It got conversation buzzing. At each stop, people found photographs of familiar faces and homes. They remembered the canals before bulkheads, docks and regulations; stories of town politics; and swimming in the canals.
“It’s great that you guys found a wonderful place for this,” said Historical Society President Bob McCarthy, who remembers old debates over sewer installation, playgrounds and roads.
“People just don’t have an appreciation of how we got here today,” Callaway said.
Richard Hall Memorial Park is a triangular chunk of land, named for the late developer who first envisioned a community set among the marsh and sand dunes. His wife, Elizabeth Hall, eventually donated the land for town hall and the park.
“This really shows what a vibrant community we are,” Callaway said. “And we’re still doing things! And it takes a lot of volunteers and town staff” to continue connecting people with beach activities and winter potlucks. “I think all these things build a community.”
Callaway thanked the many volunteers who wrote and researched, as well as the Public Works Department for helping with design and installation.
“South Bethany has something now that’s tangible,” said Carolyn Marcello, saying she was delighted that South Bethany has a physical piece of history. “We have something to show people. Tourists can follow and learn the story of South Bethany.”
Marcello is especially proud of town history. She spotted a picture of her sister, May Felerski, on the history boards. Felerski was the first town secretary, running town business from her own house.
“To see my sister is so special,” Marcello said. “I can remember going to the town office in her home. I can remember seeing the lifeguards come in, the police come in… it was so exciting to see all the activity.”
People can also take home a slice of history with “The Best Little Beach in Delaware,” a 160-page book by the South Bethany Historical Society, still available for sale in local stores.
The Coastal-Georgetown Chapter of the American Association of University Women (AAUW) celebrated its 60th anniversary this month with a luncheon and a visit from a longtime AAUW member with a local connection and a new state title.
Lt. Gov. Bethany Hall-Long, a member of the Middletown AAUW chapter and a native of Dagsboro, spoke to members including many past chapter presidents, who gathered April 20 at the Kings Creek Country Club in Rehoboth Beach.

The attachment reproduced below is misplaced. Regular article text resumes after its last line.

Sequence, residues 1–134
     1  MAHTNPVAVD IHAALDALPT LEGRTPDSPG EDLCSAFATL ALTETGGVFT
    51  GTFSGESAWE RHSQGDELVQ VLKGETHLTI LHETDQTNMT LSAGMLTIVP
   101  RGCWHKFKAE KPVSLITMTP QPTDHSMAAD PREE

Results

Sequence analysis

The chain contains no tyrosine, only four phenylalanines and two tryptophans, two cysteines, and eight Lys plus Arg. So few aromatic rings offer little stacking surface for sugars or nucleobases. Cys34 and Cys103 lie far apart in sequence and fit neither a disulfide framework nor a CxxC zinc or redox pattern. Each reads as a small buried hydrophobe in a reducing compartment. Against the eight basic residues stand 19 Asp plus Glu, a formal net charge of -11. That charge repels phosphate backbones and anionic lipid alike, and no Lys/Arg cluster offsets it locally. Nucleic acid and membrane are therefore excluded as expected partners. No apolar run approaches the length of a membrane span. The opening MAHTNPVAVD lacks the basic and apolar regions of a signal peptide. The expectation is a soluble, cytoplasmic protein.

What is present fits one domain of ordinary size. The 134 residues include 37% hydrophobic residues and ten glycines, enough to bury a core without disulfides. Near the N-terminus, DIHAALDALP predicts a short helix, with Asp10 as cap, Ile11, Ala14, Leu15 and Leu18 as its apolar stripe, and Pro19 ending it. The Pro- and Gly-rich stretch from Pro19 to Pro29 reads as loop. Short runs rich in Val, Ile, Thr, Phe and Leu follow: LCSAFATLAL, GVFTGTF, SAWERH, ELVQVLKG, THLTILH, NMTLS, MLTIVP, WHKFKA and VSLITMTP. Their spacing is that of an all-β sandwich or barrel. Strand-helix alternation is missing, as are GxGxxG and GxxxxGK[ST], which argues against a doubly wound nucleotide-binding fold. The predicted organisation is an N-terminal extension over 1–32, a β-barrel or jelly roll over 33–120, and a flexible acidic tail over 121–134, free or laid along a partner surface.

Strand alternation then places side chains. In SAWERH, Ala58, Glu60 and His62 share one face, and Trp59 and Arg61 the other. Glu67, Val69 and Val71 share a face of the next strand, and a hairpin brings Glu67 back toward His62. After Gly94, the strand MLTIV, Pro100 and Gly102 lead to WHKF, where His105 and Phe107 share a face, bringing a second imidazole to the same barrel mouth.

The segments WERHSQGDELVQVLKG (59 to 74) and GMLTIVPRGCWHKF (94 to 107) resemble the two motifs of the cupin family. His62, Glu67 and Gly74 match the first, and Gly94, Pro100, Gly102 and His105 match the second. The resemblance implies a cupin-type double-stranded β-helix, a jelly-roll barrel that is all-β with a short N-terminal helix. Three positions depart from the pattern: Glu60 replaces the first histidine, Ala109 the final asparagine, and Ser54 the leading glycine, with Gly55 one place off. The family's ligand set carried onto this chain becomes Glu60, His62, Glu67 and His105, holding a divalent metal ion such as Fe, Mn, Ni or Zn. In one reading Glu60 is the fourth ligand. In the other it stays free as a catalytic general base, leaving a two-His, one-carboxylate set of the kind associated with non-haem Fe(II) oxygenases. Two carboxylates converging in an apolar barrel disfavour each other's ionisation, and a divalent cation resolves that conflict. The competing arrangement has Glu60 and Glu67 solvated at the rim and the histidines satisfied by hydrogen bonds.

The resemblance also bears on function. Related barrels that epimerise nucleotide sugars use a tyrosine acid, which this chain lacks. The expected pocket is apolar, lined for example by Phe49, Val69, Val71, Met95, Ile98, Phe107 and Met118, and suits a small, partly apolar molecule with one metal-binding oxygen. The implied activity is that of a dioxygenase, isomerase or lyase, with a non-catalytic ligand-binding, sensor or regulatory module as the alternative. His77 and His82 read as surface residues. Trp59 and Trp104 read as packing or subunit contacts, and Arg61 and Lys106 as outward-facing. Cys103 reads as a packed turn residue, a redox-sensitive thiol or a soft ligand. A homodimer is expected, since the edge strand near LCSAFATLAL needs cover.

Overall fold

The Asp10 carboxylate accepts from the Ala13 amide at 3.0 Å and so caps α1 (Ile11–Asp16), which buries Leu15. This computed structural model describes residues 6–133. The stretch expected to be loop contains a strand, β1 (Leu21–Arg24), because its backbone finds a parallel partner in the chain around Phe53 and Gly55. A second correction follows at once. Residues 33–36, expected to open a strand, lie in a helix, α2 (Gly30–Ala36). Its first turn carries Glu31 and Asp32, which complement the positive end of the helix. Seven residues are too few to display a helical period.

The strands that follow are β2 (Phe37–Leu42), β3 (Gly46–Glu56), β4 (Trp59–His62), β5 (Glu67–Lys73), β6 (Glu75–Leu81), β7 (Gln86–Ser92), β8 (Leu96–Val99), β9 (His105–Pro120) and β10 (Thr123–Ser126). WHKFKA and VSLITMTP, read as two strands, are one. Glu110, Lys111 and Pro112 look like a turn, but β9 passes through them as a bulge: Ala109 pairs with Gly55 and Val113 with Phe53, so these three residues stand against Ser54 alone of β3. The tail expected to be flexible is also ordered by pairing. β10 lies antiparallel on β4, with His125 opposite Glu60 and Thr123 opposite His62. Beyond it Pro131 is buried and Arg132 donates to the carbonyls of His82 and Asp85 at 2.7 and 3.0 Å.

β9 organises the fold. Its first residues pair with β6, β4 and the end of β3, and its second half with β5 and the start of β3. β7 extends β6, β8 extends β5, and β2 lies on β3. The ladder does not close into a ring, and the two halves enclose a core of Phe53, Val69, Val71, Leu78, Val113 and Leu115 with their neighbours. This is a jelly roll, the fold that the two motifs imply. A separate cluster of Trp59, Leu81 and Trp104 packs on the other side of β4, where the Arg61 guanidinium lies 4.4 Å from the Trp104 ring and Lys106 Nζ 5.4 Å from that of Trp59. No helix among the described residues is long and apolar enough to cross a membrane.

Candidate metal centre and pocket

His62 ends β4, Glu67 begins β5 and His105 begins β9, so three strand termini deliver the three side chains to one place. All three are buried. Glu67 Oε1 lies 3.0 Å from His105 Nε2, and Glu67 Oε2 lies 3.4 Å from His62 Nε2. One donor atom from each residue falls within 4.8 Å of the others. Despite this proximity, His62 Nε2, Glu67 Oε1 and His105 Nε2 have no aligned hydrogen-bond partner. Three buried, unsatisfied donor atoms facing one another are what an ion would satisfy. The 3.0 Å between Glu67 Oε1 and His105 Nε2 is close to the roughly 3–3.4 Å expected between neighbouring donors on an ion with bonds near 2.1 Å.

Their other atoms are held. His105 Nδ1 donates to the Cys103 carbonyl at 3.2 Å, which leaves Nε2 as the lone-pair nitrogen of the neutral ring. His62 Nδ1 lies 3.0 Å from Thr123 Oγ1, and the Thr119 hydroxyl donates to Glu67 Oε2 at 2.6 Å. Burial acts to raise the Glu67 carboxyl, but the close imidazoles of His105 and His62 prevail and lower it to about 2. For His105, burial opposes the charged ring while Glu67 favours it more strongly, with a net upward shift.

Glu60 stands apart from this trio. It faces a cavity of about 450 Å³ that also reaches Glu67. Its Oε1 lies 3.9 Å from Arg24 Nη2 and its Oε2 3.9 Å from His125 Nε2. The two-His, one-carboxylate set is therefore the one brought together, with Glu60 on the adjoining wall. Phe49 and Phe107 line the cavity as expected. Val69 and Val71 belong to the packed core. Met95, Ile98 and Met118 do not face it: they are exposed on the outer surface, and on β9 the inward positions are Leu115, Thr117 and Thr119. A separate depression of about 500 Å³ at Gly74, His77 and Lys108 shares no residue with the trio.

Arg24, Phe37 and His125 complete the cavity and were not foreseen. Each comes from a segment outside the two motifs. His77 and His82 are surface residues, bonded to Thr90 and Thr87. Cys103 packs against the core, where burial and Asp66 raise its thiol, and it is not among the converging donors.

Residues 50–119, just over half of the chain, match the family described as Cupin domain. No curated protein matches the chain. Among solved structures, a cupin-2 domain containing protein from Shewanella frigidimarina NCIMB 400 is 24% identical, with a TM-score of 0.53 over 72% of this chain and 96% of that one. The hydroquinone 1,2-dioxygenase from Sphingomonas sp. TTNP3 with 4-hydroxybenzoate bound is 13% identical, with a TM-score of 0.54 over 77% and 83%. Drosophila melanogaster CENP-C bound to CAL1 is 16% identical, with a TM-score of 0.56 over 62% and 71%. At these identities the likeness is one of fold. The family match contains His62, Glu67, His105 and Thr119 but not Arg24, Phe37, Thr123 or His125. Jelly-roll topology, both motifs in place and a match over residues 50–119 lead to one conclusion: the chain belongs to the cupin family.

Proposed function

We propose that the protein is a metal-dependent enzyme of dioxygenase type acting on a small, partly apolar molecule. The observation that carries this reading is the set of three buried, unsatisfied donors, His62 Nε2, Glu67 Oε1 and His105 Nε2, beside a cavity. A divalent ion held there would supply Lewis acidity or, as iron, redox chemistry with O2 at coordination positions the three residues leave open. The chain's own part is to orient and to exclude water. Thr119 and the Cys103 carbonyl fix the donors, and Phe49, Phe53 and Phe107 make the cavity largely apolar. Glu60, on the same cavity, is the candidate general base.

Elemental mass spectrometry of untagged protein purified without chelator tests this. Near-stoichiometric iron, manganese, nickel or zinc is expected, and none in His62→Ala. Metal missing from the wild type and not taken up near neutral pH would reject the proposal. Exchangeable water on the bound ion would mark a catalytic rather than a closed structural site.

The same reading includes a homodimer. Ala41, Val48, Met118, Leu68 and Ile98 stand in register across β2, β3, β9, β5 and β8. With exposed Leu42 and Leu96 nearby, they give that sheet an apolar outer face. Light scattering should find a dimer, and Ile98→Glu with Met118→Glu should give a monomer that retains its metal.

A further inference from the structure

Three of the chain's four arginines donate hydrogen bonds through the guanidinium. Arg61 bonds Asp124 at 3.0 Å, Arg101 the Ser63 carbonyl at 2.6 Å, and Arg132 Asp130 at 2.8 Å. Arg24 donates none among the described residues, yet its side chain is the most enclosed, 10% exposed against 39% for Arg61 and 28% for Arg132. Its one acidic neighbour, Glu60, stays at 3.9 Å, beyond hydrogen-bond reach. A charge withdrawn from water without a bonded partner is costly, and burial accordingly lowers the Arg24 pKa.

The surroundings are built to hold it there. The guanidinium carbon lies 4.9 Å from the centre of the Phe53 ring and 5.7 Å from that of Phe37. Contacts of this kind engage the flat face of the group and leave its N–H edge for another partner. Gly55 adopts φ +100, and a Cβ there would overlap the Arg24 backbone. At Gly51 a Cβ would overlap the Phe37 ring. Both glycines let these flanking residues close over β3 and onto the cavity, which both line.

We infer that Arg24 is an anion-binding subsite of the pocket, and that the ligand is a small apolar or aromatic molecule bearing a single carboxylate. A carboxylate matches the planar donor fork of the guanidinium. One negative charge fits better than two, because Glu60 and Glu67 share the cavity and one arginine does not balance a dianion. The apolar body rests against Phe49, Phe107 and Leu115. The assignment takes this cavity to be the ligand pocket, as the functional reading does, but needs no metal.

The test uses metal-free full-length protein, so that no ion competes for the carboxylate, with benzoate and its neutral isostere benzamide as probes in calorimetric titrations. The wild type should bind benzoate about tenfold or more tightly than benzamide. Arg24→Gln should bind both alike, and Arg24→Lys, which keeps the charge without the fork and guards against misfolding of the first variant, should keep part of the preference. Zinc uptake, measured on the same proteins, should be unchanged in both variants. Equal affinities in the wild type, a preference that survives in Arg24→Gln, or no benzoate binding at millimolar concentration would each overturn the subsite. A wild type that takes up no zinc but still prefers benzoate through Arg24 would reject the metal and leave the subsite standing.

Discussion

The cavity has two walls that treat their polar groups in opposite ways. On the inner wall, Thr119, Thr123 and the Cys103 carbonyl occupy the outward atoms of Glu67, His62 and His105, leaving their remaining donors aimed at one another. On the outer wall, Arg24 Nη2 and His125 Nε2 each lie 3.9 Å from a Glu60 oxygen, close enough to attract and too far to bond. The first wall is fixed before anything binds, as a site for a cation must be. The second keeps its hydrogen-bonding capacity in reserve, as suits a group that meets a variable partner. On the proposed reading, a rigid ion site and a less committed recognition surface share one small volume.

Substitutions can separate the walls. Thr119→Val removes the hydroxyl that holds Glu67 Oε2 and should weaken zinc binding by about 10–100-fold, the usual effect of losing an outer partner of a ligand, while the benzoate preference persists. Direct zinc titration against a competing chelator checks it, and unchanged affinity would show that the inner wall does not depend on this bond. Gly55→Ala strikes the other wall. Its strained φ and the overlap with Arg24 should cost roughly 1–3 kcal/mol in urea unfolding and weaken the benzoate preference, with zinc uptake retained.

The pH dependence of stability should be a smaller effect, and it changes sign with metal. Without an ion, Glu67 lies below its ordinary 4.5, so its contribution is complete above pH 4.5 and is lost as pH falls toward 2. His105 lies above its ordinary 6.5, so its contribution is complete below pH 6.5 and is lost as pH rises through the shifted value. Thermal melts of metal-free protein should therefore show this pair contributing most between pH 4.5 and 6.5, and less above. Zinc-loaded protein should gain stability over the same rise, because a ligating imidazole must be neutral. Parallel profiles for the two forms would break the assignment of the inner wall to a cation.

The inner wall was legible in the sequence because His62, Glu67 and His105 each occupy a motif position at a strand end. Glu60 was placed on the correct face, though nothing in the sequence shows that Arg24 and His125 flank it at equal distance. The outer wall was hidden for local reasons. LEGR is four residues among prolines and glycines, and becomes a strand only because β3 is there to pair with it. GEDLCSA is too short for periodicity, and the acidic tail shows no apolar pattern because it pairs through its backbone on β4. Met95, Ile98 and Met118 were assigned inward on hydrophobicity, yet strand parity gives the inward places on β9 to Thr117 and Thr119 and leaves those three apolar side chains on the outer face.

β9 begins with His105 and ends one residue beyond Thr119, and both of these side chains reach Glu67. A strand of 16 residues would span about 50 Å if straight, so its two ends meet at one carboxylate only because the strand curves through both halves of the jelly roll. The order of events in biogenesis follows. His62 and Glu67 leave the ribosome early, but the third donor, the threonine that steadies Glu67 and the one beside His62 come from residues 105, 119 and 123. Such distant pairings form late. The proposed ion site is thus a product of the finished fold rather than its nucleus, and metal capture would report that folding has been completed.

Hall-Long spoke about the fellowship between AAUW members, no matter where they meet, and recounted how she had chanced upon a Coastal-Georgetown AAUW member while the two shared a bench in a shoe store and how that conversation had led to her attendance at the 60th anniversary celebration.
The former state senator also spoke to the members about her priorities as Delaware’s second-in-command, many of which dovetail with the club’s mission of advancing equity for women and girls through advocacy, education, philanthropy and research.
Hall-Long, whose career prior to politics was as a nurse and healthcare educator, said issues surrounding healthcare were “one of the reasons I ran for office,” as well as one of the most pressing issues facing women today.”
“We want to be looking at how we can improve healthcare outcomes” statewide, she said.
Mental health issues, in particular, are a pressing concern for the general welfare of the state, Hall-Long said, pointing out that 82 percent of the state’s prison population is affected by mental illness.
She spoke to the members about the importance of their involvement in issues facing the state, adding, “I want you all to see me as a resource for women’s issues” and encouraging them to contact her office with their concerns and to find out how they can get involved in statewide issues.
Hall-Long said that women play a crucial role in the success of society.
“We are the glue,” she said of women in general and AAUW members specifically, that helps to hold so many aspects of Delaware life together. “We can do five or six things at once, right?” she said, as members nodded in agreement.
The AAUW, Hall-Long said, “has a real opportunity to make a difference,” and she praised the organization for its rich history of advocacy and community involvement. “Be proud that your organization has worked really hard,” she said.